Synthetic diamonds grow in liquid metal at ambient pressure

The usual way of manufacturing synthetic diamonds involves applying huge pressures to carbon at high temperatures. Now, however, researchers at the Institute for Basic Science (IBS) in Korea have shown that while high temperatures are still a prerequisite, it is possible to make polycrystalline diamond film at standard pressures. The new technique could revolutionise diamond manufacturing, they say.

Grown at ambient pressure: A diamond sample in the solidified liquid metal. (Courtesy: Institute for Basic Science/Yan Gong)

Natural diamonds form over billions of years in the Earth’s upper mantle at temperatures of between 900 and 1 400°C and pressures of 5 to 6 gigapascals (GPa). For the most part, the manufacturing processes used to make most synthetic diamonds mimic these conditions. In the 1950s, for example, scientists at General Electric in the US developed a way to synthesise diamonds in the laboratory using molten iron sulphide at around 7GPa and 1 600°C. Although other researchers have since refined this technique (and developed an alternative known as chemical vapour deposition for making high-quality diamonds), diamond manufacturing largely still depends on liquid metals at high pressures and temperatures (HPHT).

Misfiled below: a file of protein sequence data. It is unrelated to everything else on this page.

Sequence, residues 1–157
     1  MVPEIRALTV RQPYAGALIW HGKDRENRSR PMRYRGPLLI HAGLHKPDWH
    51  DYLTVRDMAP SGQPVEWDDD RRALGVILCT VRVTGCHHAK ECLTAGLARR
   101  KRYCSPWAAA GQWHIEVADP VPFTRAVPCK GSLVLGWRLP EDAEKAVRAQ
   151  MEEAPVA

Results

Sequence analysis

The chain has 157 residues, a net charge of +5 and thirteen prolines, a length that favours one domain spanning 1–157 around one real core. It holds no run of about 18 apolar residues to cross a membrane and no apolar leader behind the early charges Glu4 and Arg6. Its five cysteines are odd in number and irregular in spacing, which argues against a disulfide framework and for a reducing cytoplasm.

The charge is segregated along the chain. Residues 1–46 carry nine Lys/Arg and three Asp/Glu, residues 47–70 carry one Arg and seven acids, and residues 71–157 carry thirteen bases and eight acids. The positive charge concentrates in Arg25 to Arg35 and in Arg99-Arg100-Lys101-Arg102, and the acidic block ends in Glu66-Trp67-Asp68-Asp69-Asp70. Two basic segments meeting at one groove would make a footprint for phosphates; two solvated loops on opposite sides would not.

A team led by Rodney Ruoff has now turned this convention on its head by making a polycrystalline diamond film using liquid metal at just 1 atmosphere of pressure and 1 025°C. When Ruoff and colleagues exposed a liquid alloy of gallium, iron, silicon and nickel to a mix of methane and hydrogen, they observed diamond growing in the subsurface of the liquid metal. The team attribute this effect to the catalytic activation of methane and the diffusion of carbons atoms in the subsurface region.

No seed particles
Unusually, the first diamond crystals in the IBS experiment began to form (or nucleate) without seed particles, which are prerequisites for conventional HPHT and chemical vapour deposition techniques. The individual crystals later merged into a film that is easy to detach and transfer to other substrates.